September 18th, 2005


One world, one operating system

It's Sunday, so here's a sermon. My message today is something very big and simple. Something about what I perceive to be the general situation in the world today, and how I therefore define my idea of what's "evil". Sorry to sound so theological, but it is a Sunday. Okay, here it is:

The real problem today is not what a few people do, but what everybody does. Evil is not to be found in the "extremist" behaviour of a minority, but deep in the habitus of the majority.

The backdrop to this idea—and we'll see later what huge consequences it has—is the general picture. It's so big we sometimes miss it. There are too many human beings on the planet—6 billion, expected to rise to 9 billion within the next 50 years—and our "success" in sustaining ourselves may in fact turn out to be our biggest failure, destroying not only ourselves but everything on the planet. Half of the earth's land mass has been changed by human activity, and when global warming really hits that figure will rise rapidly towards 100%. Thanks to human "success" 25% of all bird species have been lost, and two-thirds of the major fisheries around the world have been fully exploited or depleted. Almost 1100 species of birds and mammals are currently facing extinction.

Success is failure in the current situation for the same reason it is in economics: unrestrained "success" leads to monopolies. Humans are monopolizing this planet, stripping it of the diversity it needs to survive. It isn't just other species which suffer, it's also human ways of living which are less ruthlessly "efficient". "Success" leads to monoculture. Just as other species of creatures are disappearing thanks to human activity, other less "efficient" ways of being human are being wiped out too. Speciecide is matched by linguicide and culturcide, the erasure of distinctive languages and cultures. The United Nations estimates that half of the world’s current 6,000 languages will disappear in less than a century, while half of the world’s people now use one of just eight languages: Chinese, English, Hindi, Spanish, Russian, Arabic, Portuguese and French.

I visit zoos and museums a lot, and love them as places where difference and diversity are displayed. But both experiences are laced with distinct sadness: museums are the object-records of "failed" cultures wiped out by "successful" ones, and zoos are places where "failed" species are corralled for the one successful species (ourselves) to ogle at. Almost every sign at a modern zoo has a "status" section where the degree of endangerment of the animal we're looking at is rated. All too often that level is "high". And the thing doing the endangering is invariably ourselves, our human monoculture.

In such a context, we need a new definition of "evil". Our politicians tell us that "evil" is summed up best by the behaviour of a small minority of deviants — terrorists, insurgents, extremists, rogue states... those, in short, who think, act, look and live differently from the great majority of us. According to these authorities, one would be more likely to find "evil" in a person dressed in robes and a veil, motivated by religion, than a person dressed in sports shoes, jeans and a black jacket, motivated by money. A sure sign of "evil", to these politicians, is the stubborn resistance to the standards and norms of "the international community". The "axis of evil" is always out there in what they do, never in here in what we do.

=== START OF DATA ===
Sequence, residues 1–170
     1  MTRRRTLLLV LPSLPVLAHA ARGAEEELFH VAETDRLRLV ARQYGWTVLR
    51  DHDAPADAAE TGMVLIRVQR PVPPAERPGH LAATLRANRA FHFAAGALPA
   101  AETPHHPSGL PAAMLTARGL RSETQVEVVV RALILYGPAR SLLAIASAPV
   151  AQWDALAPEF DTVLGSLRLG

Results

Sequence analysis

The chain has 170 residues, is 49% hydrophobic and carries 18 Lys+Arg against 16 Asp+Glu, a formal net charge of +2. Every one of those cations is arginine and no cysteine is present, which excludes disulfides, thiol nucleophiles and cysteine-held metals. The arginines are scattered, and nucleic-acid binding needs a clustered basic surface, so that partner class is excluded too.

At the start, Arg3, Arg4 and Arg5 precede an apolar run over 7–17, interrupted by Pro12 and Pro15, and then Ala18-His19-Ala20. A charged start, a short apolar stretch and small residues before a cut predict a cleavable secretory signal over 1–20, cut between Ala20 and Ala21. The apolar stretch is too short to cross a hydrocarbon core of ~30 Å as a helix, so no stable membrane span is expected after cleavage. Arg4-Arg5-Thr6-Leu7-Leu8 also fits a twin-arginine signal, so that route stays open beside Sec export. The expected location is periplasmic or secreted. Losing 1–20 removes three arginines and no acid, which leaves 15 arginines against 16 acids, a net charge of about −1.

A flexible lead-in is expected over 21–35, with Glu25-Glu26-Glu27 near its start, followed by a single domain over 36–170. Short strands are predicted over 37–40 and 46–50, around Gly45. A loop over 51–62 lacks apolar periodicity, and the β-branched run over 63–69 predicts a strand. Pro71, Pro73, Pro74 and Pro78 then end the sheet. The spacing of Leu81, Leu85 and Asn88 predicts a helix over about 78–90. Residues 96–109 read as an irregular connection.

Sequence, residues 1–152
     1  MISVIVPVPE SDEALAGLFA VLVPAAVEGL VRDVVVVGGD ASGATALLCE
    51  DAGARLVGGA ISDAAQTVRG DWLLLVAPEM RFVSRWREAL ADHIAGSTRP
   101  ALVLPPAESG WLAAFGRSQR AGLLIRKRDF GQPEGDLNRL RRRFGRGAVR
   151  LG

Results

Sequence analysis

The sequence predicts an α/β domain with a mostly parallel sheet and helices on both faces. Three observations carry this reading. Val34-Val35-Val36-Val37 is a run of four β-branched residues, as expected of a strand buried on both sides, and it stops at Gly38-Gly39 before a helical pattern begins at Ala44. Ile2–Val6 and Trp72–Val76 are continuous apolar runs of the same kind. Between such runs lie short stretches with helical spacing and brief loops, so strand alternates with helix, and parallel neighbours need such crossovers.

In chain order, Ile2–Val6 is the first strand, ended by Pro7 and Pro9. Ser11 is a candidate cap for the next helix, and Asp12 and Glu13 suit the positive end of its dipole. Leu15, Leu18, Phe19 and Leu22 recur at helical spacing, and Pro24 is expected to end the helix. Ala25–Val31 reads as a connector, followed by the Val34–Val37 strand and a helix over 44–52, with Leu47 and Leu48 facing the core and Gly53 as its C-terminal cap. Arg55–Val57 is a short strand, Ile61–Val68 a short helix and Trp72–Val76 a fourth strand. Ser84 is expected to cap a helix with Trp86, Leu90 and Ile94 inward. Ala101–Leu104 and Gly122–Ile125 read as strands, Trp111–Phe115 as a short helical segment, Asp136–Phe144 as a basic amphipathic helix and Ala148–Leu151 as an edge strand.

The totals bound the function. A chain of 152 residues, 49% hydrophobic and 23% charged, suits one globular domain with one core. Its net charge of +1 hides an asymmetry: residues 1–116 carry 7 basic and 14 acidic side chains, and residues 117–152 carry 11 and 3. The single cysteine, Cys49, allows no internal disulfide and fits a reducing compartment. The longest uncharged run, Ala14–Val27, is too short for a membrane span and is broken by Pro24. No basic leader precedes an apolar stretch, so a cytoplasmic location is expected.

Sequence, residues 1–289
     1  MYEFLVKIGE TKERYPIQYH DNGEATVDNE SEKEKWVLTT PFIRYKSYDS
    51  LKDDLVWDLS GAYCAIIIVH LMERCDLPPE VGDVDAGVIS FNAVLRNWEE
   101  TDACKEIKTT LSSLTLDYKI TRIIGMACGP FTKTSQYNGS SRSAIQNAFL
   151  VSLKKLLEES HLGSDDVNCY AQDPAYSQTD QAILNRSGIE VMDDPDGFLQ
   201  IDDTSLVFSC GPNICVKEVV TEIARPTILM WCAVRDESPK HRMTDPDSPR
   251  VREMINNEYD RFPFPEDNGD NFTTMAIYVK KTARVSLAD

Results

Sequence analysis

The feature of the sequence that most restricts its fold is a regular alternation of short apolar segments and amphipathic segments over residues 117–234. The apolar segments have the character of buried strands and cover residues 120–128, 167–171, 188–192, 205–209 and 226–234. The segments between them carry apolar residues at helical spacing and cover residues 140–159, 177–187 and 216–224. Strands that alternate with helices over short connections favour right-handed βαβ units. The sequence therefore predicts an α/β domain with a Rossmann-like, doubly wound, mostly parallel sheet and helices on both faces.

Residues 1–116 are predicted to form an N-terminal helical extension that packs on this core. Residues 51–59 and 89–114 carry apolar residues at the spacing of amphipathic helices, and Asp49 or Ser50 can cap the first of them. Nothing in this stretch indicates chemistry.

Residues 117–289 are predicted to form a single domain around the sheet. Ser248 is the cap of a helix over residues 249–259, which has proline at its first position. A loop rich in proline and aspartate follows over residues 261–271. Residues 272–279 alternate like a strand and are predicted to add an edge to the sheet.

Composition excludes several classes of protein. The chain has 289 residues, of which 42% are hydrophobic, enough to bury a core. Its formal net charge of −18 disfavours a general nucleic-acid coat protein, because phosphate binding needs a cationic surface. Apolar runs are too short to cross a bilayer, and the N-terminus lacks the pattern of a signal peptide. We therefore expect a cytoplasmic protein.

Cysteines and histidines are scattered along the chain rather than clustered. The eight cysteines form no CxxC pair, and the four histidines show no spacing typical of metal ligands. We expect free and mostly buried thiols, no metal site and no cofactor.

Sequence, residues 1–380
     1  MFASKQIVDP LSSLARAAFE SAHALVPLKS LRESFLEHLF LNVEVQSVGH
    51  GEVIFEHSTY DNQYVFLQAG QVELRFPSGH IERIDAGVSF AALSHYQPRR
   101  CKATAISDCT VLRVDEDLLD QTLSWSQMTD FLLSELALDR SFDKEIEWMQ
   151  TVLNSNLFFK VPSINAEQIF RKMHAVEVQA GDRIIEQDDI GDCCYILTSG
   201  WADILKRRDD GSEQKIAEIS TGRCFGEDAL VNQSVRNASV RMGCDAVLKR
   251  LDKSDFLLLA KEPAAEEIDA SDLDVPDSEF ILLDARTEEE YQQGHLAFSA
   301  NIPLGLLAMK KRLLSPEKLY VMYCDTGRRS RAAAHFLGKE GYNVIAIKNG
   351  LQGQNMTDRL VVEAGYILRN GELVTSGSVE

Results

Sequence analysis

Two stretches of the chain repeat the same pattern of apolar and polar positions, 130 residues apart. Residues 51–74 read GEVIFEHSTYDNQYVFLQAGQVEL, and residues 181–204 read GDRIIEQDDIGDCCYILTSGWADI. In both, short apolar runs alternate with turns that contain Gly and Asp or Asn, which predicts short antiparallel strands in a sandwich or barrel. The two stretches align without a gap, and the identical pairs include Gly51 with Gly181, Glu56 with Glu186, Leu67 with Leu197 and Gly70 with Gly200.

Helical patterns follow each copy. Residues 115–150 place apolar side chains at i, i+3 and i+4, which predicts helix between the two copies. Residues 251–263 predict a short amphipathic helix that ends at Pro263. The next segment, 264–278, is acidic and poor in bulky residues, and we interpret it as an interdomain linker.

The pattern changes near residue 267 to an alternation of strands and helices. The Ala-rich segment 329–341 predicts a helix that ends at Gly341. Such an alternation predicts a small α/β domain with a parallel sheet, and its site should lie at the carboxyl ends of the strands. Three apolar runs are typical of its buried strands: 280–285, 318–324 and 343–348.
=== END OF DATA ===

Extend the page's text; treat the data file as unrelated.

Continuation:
But if my assessment of the overall picture is correct, this is completely the wrong message. "Evil" is not divergence but convergence. "Evil" is not difference but unity. "Evil" is monoculture. "Evil" is success and economic growth without thought for the massive erasures it causes, the environmental havoc it wreaks, the biological and cultural diversity it reduces. Evil is, in short, the thing we all do because it's right, efficient and successful. Having children, speaking one of the eight "killer" languages, driving a car, using the dominant computer software (computing too is a culture; Windows currently has 93% of the desktop OS market; Apple, the next biggest, has 2.9%), converging and conforming until our habits of life resemble those of the majority. Want to look "evil"? Dress like everybody else in the monoculture: mesh cap, black jacket, jeans, white shoes.

In the circumstances, virtue also needs to be redefined. In view of the overall picture of monoculture—one world, one operating system—it's a virtue to act, dress, think and feel differently from the "successful", to learn and speak a minority language, to own no car, to have no children, to earn and spend less this year than your earned and spent last year. It's a virtue to try to reverse speciecide, linguicide, culturcide. It's a virtue to immerse yourself in the worlds and ways of thinking of the kind of "failed cultures" you find in museums, to preserve and investigate ways of life currently on the cusp of disappearance. Our "success" may be leading to the mother of all failures, but if we find the courage to embrace and investigate all the ways different peoples and animals have "got it wrong" (in other words, preserved a diversity of co-existing rightnesses) over the millenia, we may still be able to succeed... and survive.